This course focuses on the letters of Paul, the oldest documents within the Christian Testament. Written to diverse audiences in the context of the Roman Empire and diaspora Judaism, they are still used today to debate ethical and political action. We’ll look at 1) the Pauline epistles in their first-century context, and their earliest interpretations; 2) how archaeological finds in cities to which Paul wrote illuminate issues including imperial power, travel and its trials, hunger and eating, and forms of worship; 3) recent interpretations of Paul’s letters, including those that focus on the lives of women and the enslaved and on themes of race, ethnicity, poverty, and sexuality. The letters of Paul reveal issues that are philosophically and theologically deep—unity, diversity, how one knows God or the tongues of angels, ethics and community—and that are entwined with what we might call practical theology: what do you eat, with whom do you sit at table, how do you act toward political power, how religious leadership should and should not be exercised.
Each day will be dedicated to a particular letter and its city or region, including Thessalonikē, Corinth, Ephesus, and Philippi. By the end of this course, we’ll together accomplish the following objectives:
- to closely read and discuss together five or more letters written by Paul and his co-writers or attributed to Paul; we’ll attend to how the letter is organized, its key themes, and how these fit into larger trends in the first century;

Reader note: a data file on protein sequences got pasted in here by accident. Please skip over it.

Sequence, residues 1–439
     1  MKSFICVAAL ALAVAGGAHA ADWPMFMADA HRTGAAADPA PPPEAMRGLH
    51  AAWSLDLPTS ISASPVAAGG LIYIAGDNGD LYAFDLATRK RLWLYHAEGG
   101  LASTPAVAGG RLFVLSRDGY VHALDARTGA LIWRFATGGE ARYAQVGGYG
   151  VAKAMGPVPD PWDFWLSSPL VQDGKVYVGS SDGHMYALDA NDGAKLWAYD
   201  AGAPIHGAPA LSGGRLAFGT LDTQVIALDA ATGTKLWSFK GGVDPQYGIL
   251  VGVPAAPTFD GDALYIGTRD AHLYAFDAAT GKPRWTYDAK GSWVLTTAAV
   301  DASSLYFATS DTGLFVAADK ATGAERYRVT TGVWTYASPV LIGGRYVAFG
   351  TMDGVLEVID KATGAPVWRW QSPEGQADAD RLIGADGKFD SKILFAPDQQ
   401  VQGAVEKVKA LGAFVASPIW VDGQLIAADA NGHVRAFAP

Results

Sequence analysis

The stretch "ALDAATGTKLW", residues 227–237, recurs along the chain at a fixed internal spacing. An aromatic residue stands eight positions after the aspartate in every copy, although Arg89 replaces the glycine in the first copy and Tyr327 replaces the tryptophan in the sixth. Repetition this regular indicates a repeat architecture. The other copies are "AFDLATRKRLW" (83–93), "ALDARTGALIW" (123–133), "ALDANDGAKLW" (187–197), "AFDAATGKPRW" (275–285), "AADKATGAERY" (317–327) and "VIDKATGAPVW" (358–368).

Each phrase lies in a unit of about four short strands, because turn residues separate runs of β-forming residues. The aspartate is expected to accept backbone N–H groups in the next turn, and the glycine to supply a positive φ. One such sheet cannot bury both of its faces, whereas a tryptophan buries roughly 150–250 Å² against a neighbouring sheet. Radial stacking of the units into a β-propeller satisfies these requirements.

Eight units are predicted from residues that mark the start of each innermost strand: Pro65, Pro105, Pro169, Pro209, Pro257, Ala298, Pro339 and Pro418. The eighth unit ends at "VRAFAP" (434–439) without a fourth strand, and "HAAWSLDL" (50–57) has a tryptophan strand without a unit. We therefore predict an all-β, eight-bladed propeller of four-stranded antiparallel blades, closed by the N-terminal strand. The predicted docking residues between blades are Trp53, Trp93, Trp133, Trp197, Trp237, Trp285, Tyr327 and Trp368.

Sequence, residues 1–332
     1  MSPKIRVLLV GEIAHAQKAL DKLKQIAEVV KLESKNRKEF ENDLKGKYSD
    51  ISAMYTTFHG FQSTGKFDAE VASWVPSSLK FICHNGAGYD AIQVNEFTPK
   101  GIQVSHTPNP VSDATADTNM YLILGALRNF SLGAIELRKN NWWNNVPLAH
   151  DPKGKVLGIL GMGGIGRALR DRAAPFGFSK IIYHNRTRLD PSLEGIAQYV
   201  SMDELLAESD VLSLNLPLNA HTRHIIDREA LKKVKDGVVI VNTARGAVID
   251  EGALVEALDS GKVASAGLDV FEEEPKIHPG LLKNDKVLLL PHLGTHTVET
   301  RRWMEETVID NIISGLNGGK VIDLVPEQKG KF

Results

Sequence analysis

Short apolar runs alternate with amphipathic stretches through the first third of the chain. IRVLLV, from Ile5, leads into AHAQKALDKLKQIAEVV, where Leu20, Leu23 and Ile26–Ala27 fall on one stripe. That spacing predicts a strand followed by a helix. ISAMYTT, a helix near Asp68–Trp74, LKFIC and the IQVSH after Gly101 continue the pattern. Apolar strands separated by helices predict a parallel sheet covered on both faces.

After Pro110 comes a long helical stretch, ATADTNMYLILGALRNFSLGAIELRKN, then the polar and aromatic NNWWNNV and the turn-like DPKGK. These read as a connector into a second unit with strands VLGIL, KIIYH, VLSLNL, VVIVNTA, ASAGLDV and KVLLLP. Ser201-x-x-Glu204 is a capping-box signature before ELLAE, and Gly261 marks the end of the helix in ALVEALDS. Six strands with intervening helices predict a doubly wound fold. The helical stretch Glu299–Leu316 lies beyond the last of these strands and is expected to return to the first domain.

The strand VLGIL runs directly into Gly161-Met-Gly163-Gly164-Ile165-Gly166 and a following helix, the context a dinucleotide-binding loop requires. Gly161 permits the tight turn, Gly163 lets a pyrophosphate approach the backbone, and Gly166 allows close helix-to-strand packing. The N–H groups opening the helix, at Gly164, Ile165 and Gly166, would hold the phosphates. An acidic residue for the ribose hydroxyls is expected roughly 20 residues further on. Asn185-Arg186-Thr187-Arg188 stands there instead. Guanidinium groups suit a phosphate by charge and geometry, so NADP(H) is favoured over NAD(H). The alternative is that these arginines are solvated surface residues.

- to gain an understanding of key recent interpretations of Paul’s letters, with a focus on the topics of pistis (faith, trust), slavery, and women’s religious leadership;
- to study the letters in ways that account for the Jewish identity of Paul and the desire of those to whom he wrote to affiliate with Judaism; this work will help us to counter anti-Jewish and supersessionist interpretations;
- to understand the archeological contexts of five cities/regions to which Paul and co-writers travelled (images and plans will be made available for students to use after the course).
Most of all, we’ll enjoy participating together in a centuries-long practice: the fascinating work of puzzling out these ancient documents which are still important today in Christian communities and in broader philosophical debates.
Laura Nasrallah’s research and teaching bring together New Testament and early Christian literature with the archaeological remains of the Mediterranean world, and often engage issues of colonialism, gender, race, status, and power.
Her new book in progress, tentatively titled Rethinking Religion and Aesthetics: “Magic,” Materiality, Language, and Ancient Christianity, uses twentieth- and twenty-first century art—particularly the poetry, paintings, and sculpture of contemporary Black artists—as theoretical frameworks for understanding ritual objects and practices from the ancient Mediterranean world. Paying attention to amulets, curse tablets (defixiones), speaking in tongues, and uses of scripture to curse, the book takes seriously these rituals and ritual objects as aesthetic interventions within the theorizing of matter and language in antiquity, and as attempts—no matter how ethically ambiguous in our eyes—to seek justice.